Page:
The game more than makes up for this with its introduction of dual and triple attacks. Depending on your party composition, you can pull off more powerful moves, and the game is designed in a way such that you should have at least one ultimate attack in the end game regardless of who’s in your party. For instance, you might be able to do Crono’s aforementioned spinning attack, then follow it up with a stab into the enemy, then have Lucca blast them with fire. Unsurprisingly, attacks become more and more elaborate as the game goes on, with some really devastating moves coming late in the game. The fact that there are so many combinations encourages the player to experiment with different party set ups, and that in turn invests you in the different characters.

Like the story, the battles are a combination of elements we’ve seen before, as well as some that we haven’t. Regardless, the battle system remains a blast to use to this day thanks to the powerful combo moves at the player’s disposal.

The Kind of Game That Makes You Wish You Designed a Little Pixel Art

Crono, Marle, and Ayla stand in the middle of a lush green forest in the overworld.
Even with simplified sprites in the overworld, the game is still a looker.

Another reason the game has aged so well is that it is a platinum standard for 16 bit pixel art and music. On the subject of the former, character sprites are given fluid animations a large character models, contrasting with the somewhat chibi designs of Final Fantasy and the basic sprites of Dragon Quest. Environments got the same level of attention, with everything from futuristic ruins to medieval cathedrals giving the game plenty of variety. It’s a testament to just how good looking 16 bit pixel art can be, and looks mostly flawless to this day.

The music is no slouch, either. With a powerful combination of Yasunori Mitsuda and Final Fantasy veteran Nobuo Uematsu, it’s tough to find even one bad track from the game. My personal favorite is, surprisingly, “Memories of Green,” the overworld theme from 1000 AD. It’s simply beautiful, relaxing, nostalgic, hopeful, and melancholy, and remains one of my favorite songs from a video game period. Still, there’s not a bad track in the bunch.

An Idea Both Wonderful and Strange

Even ignoring the fact that it lets you easily re- experience the outstanding story, New Game Plus was a revolution.Perhaps Chrono Trigger’s largest contribution to gaming is New Game Plus. I have no idea if the game created this idea or not, but if you know of one that did this before Chrono Trigger, let me know in the comments. Anyways, New Game Plus allowed players to start the game over from the beginning with all of their equipment and levels intact. It’s a feature that is still seen in games today, main JRPGs and action games like Nier Automata.

It’s an already-great feature for any long game to have, particularly one where you see such huge character growth over the course of the game. And it allows people to experience the story all over again without necessarily having to worry about the challenge. However, Chrono Trigger went an extra step and made it crucial to seeing everything the game has to offer.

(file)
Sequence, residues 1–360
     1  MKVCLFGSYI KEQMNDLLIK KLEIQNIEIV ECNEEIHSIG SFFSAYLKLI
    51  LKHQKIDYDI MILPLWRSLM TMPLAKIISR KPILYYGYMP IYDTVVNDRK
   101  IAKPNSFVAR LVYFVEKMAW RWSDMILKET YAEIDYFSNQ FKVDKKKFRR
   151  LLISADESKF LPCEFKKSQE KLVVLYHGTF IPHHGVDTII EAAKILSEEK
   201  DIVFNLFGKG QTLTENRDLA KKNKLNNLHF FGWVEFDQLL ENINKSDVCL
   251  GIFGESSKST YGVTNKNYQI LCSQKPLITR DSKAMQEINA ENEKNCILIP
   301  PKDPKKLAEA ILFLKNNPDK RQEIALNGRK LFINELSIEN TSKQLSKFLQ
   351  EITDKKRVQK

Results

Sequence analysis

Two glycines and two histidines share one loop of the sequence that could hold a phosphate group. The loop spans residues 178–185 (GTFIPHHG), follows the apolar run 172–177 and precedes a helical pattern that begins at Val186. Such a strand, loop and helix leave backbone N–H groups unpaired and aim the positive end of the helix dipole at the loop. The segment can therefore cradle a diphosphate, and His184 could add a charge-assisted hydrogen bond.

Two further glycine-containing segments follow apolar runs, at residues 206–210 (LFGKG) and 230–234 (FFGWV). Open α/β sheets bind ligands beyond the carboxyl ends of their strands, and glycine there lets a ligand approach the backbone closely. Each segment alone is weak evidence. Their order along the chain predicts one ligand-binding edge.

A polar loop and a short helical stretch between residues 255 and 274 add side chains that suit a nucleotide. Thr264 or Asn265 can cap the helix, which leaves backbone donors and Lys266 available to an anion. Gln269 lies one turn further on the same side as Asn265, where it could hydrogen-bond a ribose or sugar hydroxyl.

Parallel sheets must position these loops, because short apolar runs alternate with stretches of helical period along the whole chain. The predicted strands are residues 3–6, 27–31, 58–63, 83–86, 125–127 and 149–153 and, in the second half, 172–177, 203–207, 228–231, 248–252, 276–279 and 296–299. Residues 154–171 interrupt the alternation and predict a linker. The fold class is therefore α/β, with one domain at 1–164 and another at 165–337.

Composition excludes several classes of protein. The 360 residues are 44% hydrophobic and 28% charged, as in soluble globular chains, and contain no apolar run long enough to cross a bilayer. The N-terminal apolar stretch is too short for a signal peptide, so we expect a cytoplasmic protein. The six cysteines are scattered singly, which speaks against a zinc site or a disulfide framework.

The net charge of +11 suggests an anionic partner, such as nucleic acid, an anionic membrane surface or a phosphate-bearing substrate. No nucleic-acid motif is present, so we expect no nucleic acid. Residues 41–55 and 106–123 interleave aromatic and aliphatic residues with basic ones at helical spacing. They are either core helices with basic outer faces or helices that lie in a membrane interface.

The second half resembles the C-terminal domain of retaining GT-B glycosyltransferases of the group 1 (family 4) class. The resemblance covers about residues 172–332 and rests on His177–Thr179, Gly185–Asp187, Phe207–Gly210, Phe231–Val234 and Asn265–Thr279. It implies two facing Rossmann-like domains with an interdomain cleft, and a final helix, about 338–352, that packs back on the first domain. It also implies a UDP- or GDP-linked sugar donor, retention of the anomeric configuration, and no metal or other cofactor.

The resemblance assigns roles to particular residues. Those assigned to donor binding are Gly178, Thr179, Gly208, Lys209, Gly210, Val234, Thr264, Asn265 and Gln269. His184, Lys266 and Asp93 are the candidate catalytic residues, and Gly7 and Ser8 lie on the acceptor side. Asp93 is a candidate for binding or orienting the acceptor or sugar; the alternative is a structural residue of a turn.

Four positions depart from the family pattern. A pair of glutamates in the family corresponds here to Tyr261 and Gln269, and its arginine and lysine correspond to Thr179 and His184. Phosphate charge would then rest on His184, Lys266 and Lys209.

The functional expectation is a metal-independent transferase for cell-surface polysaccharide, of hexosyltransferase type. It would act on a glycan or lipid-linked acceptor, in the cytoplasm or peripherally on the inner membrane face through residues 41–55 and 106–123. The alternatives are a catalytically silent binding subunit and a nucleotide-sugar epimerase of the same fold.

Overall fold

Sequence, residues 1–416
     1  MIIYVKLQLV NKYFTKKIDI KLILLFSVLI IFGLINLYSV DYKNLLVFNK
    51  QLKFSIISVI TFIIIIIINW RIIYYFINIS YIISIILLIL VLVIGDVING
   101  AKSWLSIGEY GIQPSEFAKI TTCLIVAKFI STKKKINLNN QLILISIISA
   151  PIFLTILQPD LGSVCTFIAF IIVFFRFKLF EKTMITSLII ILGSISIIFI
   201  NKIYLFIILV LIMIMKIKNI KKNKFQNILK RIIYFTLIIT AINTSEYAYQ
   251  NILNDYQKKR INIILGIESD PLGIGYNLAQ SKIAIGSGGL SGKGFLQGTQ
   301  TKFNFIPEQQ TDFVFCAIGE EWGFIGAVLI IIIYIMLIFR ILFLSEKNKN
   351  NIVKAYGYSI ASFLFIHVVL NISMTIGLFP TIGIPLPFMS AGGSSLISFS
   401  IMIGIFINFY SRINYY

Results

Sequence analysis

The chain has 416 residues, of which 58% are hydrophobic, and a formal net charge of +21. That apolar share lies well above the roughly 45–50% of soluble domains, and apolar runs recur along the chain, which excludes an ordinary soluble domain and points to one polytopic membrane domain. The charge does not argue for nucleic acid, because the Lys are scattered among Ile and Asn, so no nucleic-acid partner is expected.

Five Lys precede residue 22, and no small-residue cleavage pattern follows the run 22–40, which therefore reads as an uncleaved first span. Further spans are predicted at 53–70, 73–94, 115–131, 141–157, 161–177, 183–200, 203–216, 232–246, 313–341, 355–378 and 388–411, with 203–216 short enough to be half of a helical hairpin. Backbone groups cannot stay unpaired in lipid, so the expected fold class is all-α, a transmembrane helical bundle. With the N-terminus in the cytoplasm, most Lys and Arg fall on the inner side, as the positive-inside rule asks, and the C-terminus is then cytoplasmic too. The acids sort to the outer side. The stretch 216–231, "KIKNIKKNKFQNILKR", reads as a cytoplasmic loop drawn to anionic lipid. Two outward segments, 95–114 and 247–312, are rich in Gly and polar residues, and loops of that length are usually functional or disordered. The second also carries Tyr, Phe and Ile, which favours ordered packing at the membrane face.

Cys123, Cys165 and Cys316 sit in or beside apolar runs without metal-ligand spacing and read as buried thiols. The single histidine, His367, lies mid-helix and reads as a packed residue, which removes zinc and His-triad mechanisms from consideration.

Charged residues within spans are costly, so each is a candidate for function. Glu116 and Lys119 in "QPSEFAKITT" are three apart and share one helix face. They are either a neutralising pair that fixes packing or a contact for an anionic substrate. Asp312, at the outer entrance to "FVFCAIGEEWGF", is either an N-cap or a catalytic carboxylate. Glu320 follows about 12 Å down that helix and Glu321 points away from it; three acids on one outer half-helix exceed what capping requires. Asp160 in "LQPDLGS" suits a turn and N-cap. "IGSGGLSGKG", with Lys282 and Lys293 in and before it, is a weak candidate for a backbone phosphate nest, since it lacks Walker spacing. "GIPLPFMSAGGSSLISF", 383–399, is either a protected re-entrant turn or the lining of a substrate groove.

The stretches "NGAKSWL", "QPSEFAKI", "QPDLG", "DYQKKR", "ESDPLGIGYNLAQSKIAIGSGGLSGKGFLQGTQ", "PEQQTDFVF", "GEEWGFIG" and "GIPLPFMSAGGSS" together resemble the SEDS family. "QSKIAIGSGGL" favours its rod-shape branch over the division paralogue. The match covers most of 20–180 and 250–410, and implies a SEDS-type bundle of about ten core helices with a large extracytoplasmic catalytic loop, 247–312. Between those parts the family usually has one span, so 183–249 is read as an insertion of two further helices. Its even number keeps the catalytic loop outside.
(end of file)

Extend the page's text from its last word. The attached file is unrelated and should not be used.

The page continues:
Early in the game, Crono and co. are brought to a realm between time periods due to shenanigans. They can travel to the many different time periods by interacting with different buckets. However, they are told that there is one bucket in particular to be wary of. It leads directly to 1999 on the day that Lavos awakens and destroys the world. From there, players can actually challenge the final boss at any time, although you’re likely to get wiped out if you try to do it before the right moment on your first play-through.

The brilliant twist is that, depending on when you fight Lavos, you can get a variety of endings. Some are jokes or Easter Eggs, like the Square Enix staple of the Developer Room, but others are genuinely emotional twists on the game’s standard ending, such as one where Crono is dead. The game doesn’t just introduce a cool new feature; it incentivizes players to actually use it and experiment with it in order to see every possible ending. In other words, this feature that has become a staple of the genre and video games as a whole, is actually an integral game mechanic if you want to see everything the game has to offer. Plenty of other games lift this feature, but few implement it as meaningfully as Chrono Trigger.

It Happened Again

It’s worth noting that the game has seen a few different re-releases. The version I’m most familiar with is the DS one, which saw the addition of two end game scenarios and a brand new ending that supposedly ties into Chrono Cross. I can’t confirm that, as I haven’t played the sequel. But the game is worth of re-releases, with the most recent version being the Steam one. I’ve heard there are technical issues with the game, but can’t say for sure. Regardless, there are a few different ways to experience this wonderful game, and for my money, the DS remake is a fantastic, on the go experience with plenty of extra content to keep you busy.

I’ll See You Again in 1999 AD

It’s tough to believe that 1995 was 25 years ago (yours truly was one year old then). A lot has happened between then and now, both in gaming and the world as a whole. It takes something truly special to stand the test of time Chrono Trigger has, but as we’ve discussed, it’s well deserving of its place in gaming history. While there are some undeniably dated parts of the game, it still delivers an incredibly wonderful and emotional story, backed up by fun and innovative ideas that pushed the envelope of what a JRPG was at the time. Its legacy is still felt to this day. Seriously, go on Steam and explore the huge amount of indie RPGs on there and see how many cite Chrono Trigger as an influence. There’s even a game that was released in 2011 called Radiant Historia that borrows many of the time travel ideas of CT and uses them to pave its own path.

Any way you slice it, Chrono Trigger is an enduring classic, and will likely be remember as such in another 25 years.